Israeli Fighter Pilots Weigh In: How Accurate is ‘Top Gun: Maverick’?
The highly-anticipated film “Top Gun: Maverick,” which saw Tom Cruise reprise his iconic role as top US Navy aviator Pete “Maverick” Mitchell, has proved to be an international success with audiences and critics. But how accurate was its depiction of fighter pilots and real-life aviation missions? Two combat aircrew members of the Israeli Air Force weighed in recently in an interview.
“I think it’s a territory not many people are familiar with,” said Capt. Y, a combat aircrew member in the IAF’s 69th (“Hammers”) Squadron, whose name was withheld for security reasons. “Everyone knows the pilot’s role, but the deeper introduction, the one missing in the eyes of the wider public, is the factor that intrigues and contributes to the success of these kinds of movies. When someone who isn’t knowledgeable about the aviation world watches the movie, he interprets things differently from us — he won’t notice the details we notice when we watch the movie ourselves.”
Capt. D, a combat aircrew member in the IAF’s 119th (“The Bat”) Squadron, added: “The public who watches these movies builds the ‘pilot’s image’ for himself according to what he watches there, but the air force works in a very organized and planned manner, which isn’t always shown in movies.”
“Top Gun: Maverick,” released on May 27, is the sequel to the popular 1986 classic “Top Gun.” In the new film, Cruise’s character returns to the US Navy Strike Fighter Tactics Instructor program after 36 years to train a group of young aviators, including the son of his deceased best friend. As of Monday, the sequel grossed more than $1 billion at the box office worldwide, according to Deadline.
Commenting on Cruise’s character in the “Top Gun” films, Capt. D laughed as he said, “I’m not sure [he] would have handled being an aircrew member here.”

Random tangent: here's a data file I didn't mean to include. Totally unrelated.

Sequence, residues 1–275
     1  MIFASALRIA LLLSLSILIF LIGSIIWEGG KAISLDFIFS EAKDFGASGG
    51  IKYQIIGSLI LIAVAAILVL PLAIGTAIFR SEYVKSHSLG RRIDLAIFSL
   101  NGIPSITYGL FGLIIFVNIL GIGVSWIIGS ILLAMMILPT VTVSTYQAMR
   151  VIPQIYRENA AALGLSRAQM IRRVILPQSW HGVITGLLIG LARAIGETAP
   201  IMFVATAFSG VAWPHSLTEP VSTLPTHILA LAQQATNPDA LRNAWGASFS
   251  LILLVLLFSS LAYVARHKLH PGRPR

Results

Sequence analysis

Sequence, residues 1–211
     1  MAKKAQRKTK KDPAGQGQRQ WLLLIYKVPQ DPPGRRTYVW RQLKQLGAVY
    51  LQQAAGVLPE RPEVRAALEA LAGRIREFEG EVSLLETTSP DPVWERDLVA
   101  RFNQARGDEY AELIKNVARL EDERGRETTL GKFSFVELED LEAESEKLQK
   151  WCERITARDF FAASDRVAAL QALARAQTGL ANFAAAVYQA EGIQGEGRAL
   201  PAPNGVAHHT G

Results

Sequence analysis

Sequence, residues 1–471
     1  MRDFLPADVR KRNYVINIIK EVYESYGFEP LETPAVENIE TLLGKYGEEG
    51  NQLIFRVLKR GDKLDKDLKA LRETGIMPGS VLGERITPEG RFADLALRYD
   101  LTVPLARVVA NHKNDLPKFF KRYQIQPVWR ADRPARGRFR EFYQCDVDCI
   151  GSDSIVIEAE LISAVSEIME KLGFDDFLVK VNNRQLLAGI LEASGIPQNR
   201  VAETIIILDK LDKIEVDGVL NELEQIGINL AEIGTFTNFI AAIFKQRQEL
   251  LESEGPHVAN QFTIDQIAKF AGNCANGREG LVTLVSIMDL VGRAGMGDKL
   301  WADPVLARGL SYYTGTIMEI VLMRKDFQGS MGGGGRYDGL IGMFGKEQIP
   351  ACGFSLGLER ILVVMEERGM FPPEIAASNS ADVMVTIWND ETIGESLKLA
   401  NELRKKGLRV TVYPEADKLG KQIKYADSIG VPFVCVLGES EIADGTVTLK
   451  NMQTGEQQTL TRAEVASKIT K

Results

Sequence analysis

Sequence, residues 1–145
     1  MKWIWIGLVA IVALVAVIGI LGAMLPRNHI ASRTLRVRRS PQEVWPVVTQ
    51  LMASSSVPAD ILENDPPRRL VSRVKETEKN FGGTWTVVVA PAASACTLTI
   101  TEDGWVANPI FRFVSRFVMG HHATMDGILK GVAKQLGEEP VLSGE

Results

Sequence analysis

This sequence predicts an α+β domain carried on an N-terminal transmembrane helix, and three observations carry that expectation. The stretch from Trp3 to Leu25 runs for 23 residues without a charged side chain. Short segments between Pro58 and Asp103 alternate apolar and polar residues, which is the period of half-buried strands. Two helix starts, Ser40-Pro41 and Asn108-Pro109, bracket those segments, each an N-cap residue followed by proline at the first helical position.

Meanwhile, Capt. Y applauded the “Top Gun” original and its sequel for its portrayal of the teamwork required in aircraft combat missions. “The meaning of presenting two aircrews giving it their all to complete the mission in the best way possible is significant because it’s important for the public to know,” he explained. “There is no doubt that profound research was done about understanding the role of the pilot and navigator before making the movie.”
“The movie presents the reality, although there are some exaggerated scenes to impress the audience and create a striking image. Yet, we, the aircrew, are dealing with various missions and give our all to succeed,” Capt. Y added. “Our role is wonderful, with a huge value. The movie depicted us in a glamorized and slightly exaggerated way, but it shows our work from a different point of view.”
Overall, said Capt. D, the latest “Top Gun” installment “impressively” achieved its goal of introducing audiences to “something new, appealing, and thrilling that would intrigue the audience and expose them to new worlds.” The film’s “influence,” he predicted, will lead to more pilot recruits for the US Air Force, “and hopefully in Israel too.”